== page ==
Given the feminist spin on the Good Men Project, it was only a matter of time before the editors ran an article victim blaming men for the abuse they suffer. One could argue they have done it before. They ran plenty of articles written by Hugo Schwyzer and Jamie Utt that tacitly excuse and deny male victimization. However, I cannot recall anything as pernicious as author Talisa’s When Girls Attack.
I will spare readers the extra click and post the entire article here (that way if anyone at GMP grows a conscience and decides to remove the piece they cannot pretend it did not exist):
She may scream, punch, take advantage or just quietly manipulate you.
The stereotype may be used against you by being told to provide or take care of needs; making you feel guilty, ashamed and less of a man—but please don’t feel this way.
It may have nothing to do with you or maybe you did do something to provoke; either way how do you handle the attack?
If the ‘attack’ on you is a once-off behavior there may be something deeper going on resulting in this. In this instance it might be best to leave the situation in the heat of the moment and try coming back at a calmer time to talk it out—this conversation can be started by simply asking how everything is going.
However, if an inappropriate behavior is continually received you have to handle it. We are adults and whilst we don’t always act our best, mature conversations when things are not quite right is the outcome we need to strive for, whether it is in the workplace, home or a social setting.
Manipulative or snide comment behavior needs to be confronted with a calm approach. Find an appropriate setting, maybe invite the other out for a coffee or the like, and simply bring up the behavior, how it isn’t acceptable and ask ‘how can ‘we’ work this out?’ This approach, whilst often difficult is one of the best deflators.
Unfortunately sometimes the other party isn’t willing to move towards a mature attitude. In that instance it is best to remove yourself from this association as much as possible when you have made reasonable attempts to work it out. If someone doesn’t have your best interest at heart than it isn’t healthy to continue to let him or her be an influence in your life, as we are all influenced by those around us.
And this is hard, walking away always is because there were good reasons you walked into it. But that is part of being a good man, knowing when to walk away at a mature time, not letting it get to a point that grinds you down, as this is when regrettable behaviors come out.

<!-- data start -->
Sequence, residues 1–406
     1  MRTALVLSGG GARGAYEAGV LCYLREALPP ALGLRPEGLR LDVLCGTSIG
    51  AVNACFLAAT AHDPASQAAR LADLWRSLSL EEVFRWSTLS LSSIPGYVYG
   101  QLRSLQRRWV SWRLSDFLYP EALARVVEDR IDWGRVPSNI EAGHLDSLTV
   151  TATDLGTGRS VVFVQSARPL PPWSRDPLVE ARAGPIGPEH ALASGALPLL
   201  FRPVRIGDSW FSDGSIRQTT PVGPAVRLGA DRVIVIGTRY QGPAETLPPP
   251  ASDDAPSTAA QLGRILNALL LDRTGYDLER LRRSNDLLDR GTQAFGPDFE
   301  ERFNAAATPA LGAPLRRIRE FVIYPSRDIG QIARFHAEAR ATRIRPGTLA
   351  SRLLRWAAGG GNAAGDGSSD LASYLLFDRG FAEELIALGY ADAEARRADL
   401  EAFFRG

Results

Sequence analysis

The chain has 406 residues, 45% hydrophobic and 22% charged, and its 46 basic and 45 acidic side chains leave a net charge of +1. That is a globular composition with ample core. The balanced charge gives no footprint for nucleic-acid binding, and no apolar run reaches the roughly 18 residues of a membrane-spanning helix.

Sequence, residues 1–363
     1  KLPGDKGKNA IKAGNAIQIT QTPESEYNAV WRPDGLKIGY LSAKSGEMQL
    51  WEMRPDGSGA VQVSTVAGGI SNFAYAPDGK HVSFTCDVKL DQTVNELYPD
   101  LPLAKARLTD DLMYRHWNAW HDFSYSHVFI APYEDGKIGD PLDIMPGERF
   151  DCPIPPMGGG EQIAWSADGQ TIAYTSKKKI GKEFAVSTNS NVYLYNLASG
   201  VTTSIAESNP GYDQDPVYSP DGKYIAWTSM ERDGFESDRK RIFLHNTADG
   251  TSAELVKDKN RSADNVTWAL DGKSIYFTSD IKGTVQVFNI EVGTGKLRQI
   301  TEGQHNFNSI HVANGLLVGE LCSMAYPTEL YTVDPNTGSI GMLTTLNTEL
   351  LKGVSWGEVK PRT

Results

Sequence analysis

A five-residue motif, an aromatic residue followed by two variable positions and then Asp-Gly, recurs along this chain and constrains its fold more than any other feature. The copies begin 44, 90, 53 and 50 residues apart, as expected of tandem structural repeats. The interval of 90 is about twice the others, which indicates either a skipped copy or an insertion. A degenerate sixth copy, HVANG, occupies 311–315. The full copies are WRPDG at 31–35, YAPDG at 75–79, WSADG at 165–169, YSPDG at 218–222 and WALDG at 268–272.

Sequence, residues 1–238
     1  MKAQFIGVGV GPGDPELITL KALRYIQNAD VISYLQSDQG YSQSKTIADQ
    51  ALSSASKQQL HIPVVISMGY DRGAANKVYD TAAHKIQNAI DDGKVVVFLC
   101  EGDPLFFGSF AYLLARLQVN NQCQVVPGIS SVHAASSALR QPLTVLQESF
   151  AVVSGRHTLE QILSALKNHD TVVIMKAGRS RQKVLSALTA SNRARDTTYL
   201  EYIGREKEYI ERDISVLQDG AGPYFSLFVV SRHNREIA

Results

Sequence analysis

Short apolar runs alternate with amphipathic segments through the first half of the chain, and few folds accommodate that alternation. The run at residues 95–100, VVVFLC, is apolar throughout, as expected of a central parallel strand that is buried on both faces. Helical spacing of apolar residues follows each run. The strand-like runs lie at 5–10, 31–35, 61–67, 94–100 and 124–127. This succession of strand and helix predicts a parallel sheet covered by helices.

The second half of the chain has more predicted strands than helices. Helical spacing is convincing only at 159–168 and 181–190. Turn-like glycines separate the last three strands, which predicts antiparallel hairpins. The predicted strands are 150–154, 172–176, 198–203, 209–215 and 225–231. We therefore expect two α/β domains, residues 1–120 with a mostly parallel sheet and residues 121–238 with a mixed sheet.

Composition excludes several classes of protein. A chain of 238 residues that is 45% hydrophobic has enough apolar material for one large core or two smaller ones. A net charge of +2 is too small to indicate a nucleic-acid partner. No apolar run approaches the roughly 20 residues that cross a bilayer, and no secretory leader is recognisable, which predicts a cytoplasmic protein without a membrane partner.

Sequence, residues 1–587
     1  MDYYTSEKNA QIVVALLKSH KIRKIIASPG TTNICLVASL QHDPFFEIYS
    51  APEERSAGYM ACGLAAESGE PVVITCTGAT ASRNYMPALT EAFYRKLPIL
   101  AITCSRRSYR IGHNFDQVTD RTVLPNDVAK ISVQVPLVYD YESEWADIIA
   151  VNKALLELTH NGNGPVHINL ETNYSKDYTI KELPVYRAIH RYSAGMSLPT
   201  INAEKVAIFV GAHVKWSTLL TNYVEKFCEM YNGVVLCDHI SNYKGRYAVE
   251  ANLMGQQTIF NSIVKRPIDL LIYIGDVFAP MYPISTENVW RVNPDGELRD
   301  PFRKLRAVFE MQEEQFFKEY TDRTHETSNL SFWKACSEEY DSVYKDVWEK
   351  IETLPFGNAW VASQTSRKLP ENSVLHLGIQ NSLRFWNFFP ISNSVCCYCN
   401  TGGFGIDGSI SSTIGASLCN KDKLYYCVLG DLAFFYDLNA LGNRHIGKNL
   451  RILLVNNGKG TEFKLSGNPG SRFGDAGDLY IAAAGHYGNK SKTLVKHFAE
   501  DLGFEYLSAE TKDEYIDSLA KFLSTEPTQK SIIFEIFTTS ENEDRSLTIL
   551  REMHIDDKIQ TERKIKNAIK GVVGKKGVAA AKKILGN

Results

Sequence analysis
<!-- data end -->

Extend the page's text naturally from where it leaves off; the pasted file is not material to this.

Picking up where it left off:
Remain calm, take moments to keep you together and mentally prepare yourself for these hard talks. As even when the mud is slung, you need to be prepared to be the one to show compassions, care and maturity.
Often bad behavior can gain momentum with others and you need to be able to hold strong to your mature approach even when it is not visible to others, especially then, keep strong.
But in your humanness, if you do falter in this you need to acknowledge it. Apologies are in order no matter hard you may find them. You need to acknowledge when your behavior isn’t at its best, confirm you know this and are working on it, and try to explore the trigger so both parties can better understand and prevent this next time.
There is such strength in acknowledgment and acceptance, this paves the way for growth; it almost always ensures it.
Don’t starve the world of your growth and the gentleman inside you—don’t run or fight back from situations where possible. We don’t need any more immaturity, we need wisdom, and a gentle touch, and if need be, we need to move on from things that may no longer serve us.
It does not matter what type of fair reading one tries, there is no other way to read the above article as anything more than excusing abuse and blaming the victim. It is disgusting and offensive to call men’s attempt to defend themselves or run away from an abusive situation “immaturity.” It is beyond the pale to to suggest that abuse victims should apologize to their abusers when their “behavior isn’t at its best.”
Do I even need to ask whether GMP’s editors would have run this article had the sexes been reversed? Would they have even entertained it?
There are a few things the editors revealed by running this article:
- They have no compassion for male survivors of abuse. No one who cares even one iota about abused men would run such an article.
- The feminist spin on the site has gotten out of hand. This is the sort of article one would expect to see on Slate, Salon, Feministing, Jezebel, or the Raw Story.
- The editors must be desperate for traffic. Make no mistake, while it is likely that the editors who chose to run the article do think very little of male survivors, it is also likely that they knew the heat the article would receive.
None of that makes the article any less reprehensible. It is still an embarrassment. To anyone who supports GMP, keep in mind that above is what you are supporting.